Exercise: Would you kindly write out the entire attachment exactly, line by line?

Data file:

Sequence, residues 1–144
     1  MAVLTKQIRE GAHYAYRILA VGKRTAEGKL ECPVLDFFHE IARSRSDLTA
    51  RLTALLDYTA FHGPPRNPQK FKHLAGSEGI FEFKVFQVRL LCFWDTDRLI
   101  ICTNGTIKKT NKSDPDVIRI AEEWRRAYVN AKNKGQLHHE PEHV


Sequence, residues 1–144
     1  MAVLTKQIRE GAHYAYRILA VGKRTAEGKL ECPVLDFFHE IARSRSDLTA
    51  RLTALLDYTA FHGPPRNPQK FKHLAGSEGI FEFKVFQVRL LCFWDTDRLI
   101  ICTNGTIKKT NKSDPDVIRI AEEWRRAYVN AKNKGQLHHE PEHV